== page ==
Biggest, Oldest Trees Most Likely to Succumb to Global Warming; Small Plants May be Spared
Larger, older trees will hurt the most by rising global temperatures, according to a new study.
Climate change will affect plants’ ability to absorb water, researchers at Los Alamos National Laboratory found. Larger, older trees with large leaves will be affected the most.
Researchers came to this conclusion when they applied Darcy’s law, an equation describing the flow of water through a porous medium, such as a leaf, to plants.
“Global warming is global, and all vascular plants obey Darcy’s law,” Nathan McDowell, co-author of the study, published in Nature Climate Change, told ThinkProgress.
Basically, researchers say that as the atmosphere warms, there is less water vapor in air compared to the atmosphere’s capacity for holding the vapor. Trees then expel more water into the atmosphere, causing them to dry up. The larger the tree, the more water can be expelled.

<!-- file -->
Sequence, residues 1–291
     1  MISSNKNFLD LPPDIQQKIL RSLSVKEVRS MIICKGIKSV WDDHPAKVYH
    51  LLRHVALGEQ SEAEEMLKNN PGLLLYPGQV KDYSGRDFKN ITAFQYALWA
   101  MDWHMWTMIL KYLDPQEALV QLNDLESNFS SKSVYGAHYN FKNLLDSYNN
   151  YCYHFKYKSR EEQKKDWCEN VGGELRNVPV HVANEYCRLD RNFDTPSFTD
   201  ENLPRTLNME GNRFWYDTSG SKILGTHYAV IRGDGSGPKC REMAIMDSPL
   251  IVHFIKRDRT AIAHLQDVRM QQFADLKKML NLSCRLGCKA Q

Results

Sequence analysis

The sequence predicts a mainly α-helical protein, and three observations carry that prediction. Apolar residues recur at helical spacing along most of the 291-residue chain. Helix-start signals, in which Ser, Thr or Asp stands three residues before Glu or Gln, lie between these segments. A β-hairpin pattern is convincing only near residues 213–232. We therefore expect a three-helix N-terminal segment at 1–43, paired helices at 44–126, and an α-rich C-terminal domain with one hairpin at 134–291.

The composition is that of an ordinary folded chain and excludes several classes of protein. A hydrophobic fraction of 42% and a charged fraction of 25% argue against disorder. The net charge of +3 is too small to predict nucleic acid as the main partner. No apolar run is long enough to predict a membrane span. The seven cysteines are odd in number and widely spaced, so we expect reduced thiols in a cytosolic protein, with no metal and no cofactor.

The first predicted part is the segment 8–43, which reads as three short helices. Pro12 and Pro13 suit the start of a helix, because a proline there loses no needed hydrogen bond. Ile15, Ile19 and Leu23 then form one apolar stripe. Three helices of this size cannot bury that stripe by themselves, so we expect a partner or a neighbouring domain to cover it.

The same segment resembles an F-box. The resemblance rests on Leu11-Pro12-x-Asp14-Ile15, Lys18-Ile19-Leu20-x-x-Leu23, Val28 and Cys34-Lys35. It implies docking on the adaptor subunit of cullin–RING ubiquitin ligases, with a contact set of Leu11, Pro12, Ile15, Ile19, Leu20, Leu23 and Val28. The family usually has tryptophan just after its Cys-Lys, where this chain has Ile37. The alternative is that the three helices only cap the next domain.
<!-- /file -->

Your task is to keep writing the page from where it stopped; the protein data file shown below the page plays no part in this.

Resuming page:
If researchers are correct and older, larger trees die off as a result of climate change, the trees’ demise will cause there to be even more carbon in the atmosphere. “It’s the big trees that store the most carbon,” McDowell said, noting that the tall trees are also those that do the most photosynthesis, pulling more carbon out of the atmosphere than small trees.
In addition, the loss of bigger trees could affect animal species that rely on them for their habitats.
-Noel Brinkerhoff, Steve Straehley
To Learn More:
Darcy’s Law Predicts Widespread Forest Mortality under Climate Warming (by Nathan G. McDowell and Craig D. Allen, Nature Climate Change)
What Global Warming Means For Old, Tall Trees (by Natasha Geiling, ThinkProgress)
Tall, Ancient and Under Pressure (by Jim Robbins, New York Times)
Half of California's Big Trees Are Gone (by Ken Broder, AllGov California)
Redwoods Faring Better than Humans in the Age of Global Warming (by Ken Broder, AllGov California)
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